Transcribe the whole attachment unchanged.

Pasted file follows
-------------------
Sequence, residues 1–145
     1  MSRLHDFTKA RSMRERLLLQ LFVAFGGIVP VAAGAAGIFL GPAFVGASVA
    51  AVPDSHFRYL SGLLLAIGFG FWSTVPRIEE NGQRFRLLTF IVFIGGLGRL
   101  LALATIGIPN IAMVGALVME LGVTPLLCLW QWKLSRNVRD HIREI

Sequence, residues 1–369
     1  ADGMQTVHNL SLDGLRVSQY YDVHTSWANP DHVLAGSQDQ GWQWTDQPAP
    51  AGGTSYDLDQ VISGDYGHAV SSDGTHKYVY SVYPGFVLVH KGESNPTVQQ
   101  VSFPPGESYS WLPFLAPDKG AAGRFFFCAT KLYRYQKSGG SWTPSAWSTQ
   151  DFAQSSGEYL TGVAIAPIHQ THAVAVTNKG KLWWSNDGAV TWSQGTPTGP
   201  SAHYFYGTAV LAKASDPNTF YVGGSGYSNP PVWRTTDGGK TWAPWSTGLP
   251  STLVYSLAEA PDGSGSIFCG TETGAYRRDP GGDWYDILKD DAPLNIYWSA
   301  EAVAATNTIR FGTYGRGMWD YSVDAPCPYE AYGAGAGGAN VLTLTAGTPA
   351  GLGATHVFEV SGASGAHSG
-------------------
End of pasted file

Sequence, residues 1–145
     1  MSRLHDFTKA RSMRERLLLQ LFVAFGGIVP VAAGAAGIFL GPAFVGASVA
    51  AVPDSHFRYL SGLLLAIGFG FWSTVPRIEE NGQRFRLLTF IVFIGGLGRL
   101  LALATIGIPN IAMVGALVME LGVTPLLCLW QWKLSRNVRD HIREI

Sequence, residues 1–369
     1  ADGMQTVHNL SLDGLRVSQY YDVHTSWANP DHVLAGSQDQ GWQWTDQPAP
    51  AGGTSYDLDQ VISGDYGHAV SSDGTHKYVY SVYPGFVLVH KGESNPTVQQ
   101  VSFPPGESYS WLPFLAPDKG AAGRFFFCAT KLYRYQKSGG SWTPSAWSTQ
   151  DFAQSSGEYL TGVAIAPIHQ THAVAVTNKG KLWWSNDGAV TWSQGTPTGP
   201  SAHYFYGTAV LAKASDPNTF YVGGSGYSNP PVWRTTDGGK TWAPWSTGLP
   251  STLVYSLAEA PDGSGSIFCG TETGAYRRDP GGDWYDILKD DAPLNIYWSA
   301  EAVAATNTIR FGTYGRGMWD YSVDAPCPYE AYGAGAGGAN VLTLTAGTPA
   351  GLGATHVFEV SGASGAHSG